Graded on a Curve: Neptunian Maximalism, Éons

What the hell is happening in Belgium? Have they gone stark raving mad? Did someone slip some kind of drug into the waffles? We should be demanding answers, because a cosmic caterwaul has been emanating from the good city of Brussels, and the people who know about such things are giving us two options. The first is to flee the planet. The second is to greet Neptunian Maximalism and give a listen to their 2020 LP Éons to determine if they come in peace.

Éons is a sprawling, two and a half hour exercise in genre-blending, and proof that free jazz saxophone, drone music, massive walls of percussive noise metal, psychedelic guitar jams, and Sun Ra space explorations can indeed co-exist on the same astral plane. Éons is what you might get if you shoved the Arkestra, Albert Ayler, Swans, Sunn O))), the electric guitar whiz kid of your choice, Laibach, and Rammstein into a recording studio and let them have at it. The results, you’d think, would be mayhem and chaos. But Éon is a monumental and coherent work of avant garde music, and essential listening for anyone interested in any of the above named genres.

You don’t build an Éons with a sledgehammer and railroad spike the way, say, Sunn O))) and Swans do. The complexities of Éons demanded that Neptunian Maximalism use a broader instrumental palette. These include saxophones, trumpet, flute, vocals, synthesizer, and bow harp. Even a sitar shows up, presumably having escaped an ashram somewhere. And Neptunian Maximalism do it with just four members.

Éons is a three-disc, three-part affair, which to people like me who can only count in chocolate is one less than a Kit Kat Bar. The three sections (“To the Ease,” “To the Moon,” and “To the Sun”) constitute generally discrete moods, but there’s plenty of seepage–while the songs on “To the Sun,” to cite just one example, lean towards the spacy and meditative, they get plenty loud in parts.

The thing that makes Éons so extraordinary is not its sheer ambition; it’s the quality of the players. The band has a flexible membership but on Éons the band is a four-piece. Jean-Jacques Duerinckx, who plays baritone and sopranino through amplification, is not the run-of-the-mill horn player you’d expect on what is in effect a very odd fusion LP. The moans, blurts, squalls, and sheets of noise he produces with his sax bring to mind top-notch free jazz players, while his more melodic playing brings mid-career John Coltrane to mind (see esp.“Ladanamada”).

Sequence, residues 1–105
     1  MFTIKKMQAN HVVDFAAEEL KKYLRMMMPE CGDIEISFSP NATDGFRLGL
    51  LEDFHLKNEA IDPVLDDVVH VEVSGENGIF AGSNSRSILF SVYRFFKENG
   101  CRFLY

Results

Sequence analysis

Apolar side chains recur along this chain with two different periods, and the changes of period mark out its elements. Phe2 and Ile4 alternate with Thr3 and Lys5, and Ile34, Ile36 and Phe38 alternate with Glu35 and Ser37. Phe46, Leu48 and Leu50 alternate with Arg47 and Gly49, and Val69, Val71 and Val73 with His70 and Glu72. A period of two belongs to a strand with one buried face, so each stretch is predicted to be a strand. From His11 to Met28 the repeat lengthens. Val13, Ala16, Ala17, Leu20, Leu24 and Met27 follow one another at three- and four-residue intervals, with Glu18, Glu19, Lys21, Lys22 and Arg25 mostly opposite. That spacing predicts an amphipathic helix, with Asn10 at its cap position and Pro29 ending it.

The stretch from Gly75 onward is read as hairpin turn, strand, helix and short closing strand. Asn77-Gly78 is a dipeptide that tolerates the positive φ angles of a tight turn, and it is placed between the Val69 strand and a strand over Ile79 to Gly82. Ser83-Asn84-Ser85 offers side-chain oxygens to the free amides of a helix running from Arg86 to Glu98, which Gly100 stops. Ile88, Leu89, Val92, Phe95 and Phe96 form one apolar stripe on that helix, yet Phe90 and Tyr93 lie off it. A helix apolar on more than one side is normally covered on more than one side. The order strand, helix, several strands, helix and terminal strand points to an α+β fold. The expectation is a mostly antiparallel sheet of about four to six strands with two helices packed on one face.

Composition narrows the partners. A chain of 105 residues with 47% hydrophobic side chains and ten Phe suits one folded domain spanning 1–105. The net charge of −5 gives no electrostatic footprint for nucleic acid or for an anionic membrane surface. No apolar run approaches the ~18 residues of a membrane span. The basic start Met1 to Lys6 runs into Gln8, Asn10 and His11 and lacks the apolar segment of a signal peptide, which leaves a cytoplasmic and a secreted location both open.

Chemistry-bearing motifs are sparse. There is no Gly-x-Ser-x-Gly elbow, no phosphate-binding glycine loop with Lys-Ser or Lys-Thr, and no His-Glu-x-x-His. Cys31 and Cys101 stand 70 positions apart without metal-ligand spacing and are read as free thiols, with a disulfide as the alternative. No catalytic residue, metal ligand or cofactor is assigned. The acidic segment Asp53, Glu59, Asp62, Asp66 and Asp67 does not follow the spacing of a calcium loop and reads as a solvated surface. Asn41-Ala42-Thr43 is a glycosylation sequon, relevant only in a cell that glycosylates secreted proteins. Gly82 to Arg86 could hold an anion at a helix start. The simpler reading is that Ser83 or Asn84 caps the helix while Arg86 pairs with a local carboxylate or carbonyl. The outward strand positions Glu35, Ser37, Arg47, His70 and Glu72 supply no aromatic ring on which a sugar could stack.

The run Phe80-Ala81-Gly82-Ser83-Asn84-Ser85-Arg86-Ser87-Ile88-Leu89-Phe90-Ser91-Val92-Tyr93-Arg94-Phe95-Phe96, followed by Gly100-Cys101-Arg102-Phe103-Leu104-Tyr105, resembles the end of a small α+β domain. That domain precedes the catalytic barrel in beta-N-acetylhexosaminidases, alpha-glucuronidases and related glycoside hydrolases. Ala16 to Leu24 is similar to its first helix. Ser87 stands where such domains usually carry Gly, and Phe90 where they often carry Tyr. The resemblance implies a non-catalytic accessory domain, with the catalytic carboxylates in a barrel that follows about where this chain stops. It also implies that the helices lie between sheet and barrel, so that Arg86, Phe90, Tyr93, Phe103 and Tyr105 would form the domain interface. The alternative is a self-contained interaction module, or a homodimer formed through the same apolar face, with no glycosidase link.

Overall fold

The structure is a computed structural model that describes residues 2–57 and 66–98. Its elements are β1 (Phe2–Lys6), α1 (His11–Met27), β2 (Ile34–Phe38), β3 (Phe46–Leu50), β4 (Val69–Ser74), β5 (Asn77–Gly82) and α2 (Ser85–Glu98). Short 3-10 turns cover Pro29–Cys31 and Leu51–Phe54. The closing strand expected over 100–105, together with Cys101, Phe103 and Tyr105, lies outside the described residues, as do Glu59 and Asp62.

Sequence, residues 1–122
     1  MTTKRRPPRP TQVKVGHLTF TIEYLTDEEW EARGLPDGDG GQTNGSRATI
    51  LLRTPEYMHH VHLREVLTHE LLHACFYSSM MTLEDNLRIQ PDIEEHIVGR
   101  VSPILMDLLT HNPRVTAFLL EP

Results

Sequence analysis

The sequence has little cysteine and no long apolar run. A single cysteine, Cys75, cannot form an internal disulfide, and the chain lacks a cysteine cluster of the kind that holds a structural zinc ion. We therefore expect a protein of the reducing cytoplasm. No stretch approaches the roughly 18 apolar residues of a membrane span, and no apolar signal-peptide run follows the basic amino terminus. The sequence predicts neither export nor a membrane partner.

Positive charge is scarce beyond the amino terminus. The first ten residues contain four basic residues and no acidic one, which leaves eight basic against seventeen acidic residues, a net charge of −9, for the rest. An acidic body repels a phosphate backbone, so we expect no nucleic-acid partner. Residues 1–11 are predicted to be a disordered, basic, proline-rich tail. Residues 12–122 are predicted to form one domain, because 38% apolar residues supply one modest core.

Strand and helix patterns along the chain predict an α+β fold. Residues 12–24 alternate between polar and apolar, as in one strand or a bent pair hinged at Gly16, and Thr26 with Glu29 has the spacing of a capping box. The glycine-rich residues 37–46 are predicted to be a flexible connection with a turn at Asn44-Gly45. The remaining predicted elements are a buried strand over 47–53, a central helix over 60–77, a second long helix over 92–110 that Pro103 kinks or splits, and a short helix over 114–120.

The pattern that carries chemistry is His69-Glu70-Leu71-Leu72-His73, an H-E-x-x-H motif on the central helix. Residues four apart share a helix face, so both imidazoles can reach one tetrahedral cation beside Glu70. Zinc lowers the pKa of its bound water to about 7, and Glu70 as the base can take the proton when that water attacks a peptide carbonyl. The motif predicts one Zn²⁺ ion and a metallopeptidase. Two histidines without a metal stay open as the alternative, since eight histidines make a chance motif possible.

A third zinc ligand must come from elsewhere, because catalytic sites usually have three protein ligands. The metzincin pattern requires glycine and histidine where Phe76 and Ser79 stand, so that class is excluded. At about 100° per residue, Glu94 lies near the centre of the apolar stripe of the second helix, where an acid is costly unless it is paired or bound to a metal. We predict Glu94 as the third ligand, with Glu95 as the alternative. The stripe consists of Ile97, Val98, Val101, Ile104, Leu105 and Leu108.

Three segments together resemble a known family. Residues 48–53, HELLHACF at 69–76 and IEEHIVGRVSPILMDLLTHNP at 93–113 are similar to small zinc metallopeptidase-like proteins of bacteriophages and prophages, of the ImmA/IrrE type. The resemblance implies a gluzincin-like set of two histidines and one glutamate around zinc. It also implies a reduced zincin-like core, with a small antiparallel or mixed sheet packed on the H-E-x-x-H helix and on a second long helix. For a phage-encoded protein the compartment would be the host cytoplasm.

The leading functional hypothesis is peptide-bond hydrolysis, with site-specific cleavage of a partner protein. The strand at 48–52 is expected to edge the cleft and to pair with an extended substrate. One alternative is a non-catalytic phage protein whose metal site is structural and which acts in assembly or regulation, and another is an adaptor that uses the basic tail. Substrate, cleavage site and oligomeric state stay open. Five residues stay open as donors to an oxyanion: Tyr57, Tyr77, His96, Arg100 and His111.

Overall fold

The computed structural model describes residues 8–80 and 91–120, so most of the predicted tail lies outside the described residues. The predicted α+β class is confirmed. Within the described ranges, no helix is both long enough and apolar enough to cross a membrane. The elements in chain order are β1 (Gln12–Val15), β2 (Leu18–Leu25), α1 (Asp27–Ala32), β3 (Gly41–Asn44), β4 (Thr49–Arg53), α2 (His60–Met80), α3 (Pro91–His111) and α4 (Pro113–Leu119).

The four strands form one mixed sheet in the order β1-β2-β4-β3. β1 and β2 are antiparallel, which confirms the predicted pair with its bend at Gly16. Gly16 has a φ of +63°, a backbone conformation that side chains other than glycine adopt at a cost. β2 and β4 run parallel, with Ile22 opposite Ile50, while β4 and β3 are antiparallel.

Band leader Guillaume Cazalet contributes on a wide variety of instruments; that’s his electric bass that produces dinosaur-sized throbbing pulse that keeps “Nganga” alive. Oh, and that’s his flute that lends the song its Middle Eastern flavoring. And let’s not forget his baritone guitar that gives songs like “Vajrabhairava–The Rising” their chewable LSD flavor.

But it’s drummer/percussionists Sebastien Schmit and Pierre Arese who provide Éons with its mammoth sound and many of its subtle touches. I hear Elvin Jones in the opening of“Lamasthu,” which reminds me of the pile driver throughout the time I spent at a hardware foundry, But they’ve also mastered the lighter touches, such as the ones that make songs like “Heka Hou Sia.”

My only caveat with the LP–and it’s not a small one–are the vocals, which go from the heavy duty (think Soviet Union Men’s Choir by way of Laibach) to the ho-hum satanic. The former are somewhat less noxious than the latter, which bring to mind the Dark One outraged by the loss of his beloved autographed Boog Powell baseball (the Devil’s a Baltimore Orioles fan) down a sewer grate. That said, the satanic slop isn’t completely useless–plant your speakers out your window with this baby playing and presto, those pesky kids looking for free Halloween candy are gone.

Like all free jazz, Éons works in accordance with an internal logic that leaves plenty of room for improvisation, and it’s the mastery of improvisation that makes Éons so extraordinary for a band whose members are familiar only to a privileged few. How best to sum up the LP? Any band can make your average car crash din. Éons is the sound of a chunk of space junk crushing your new SUV.

GRADED ON A CURVE:
A-

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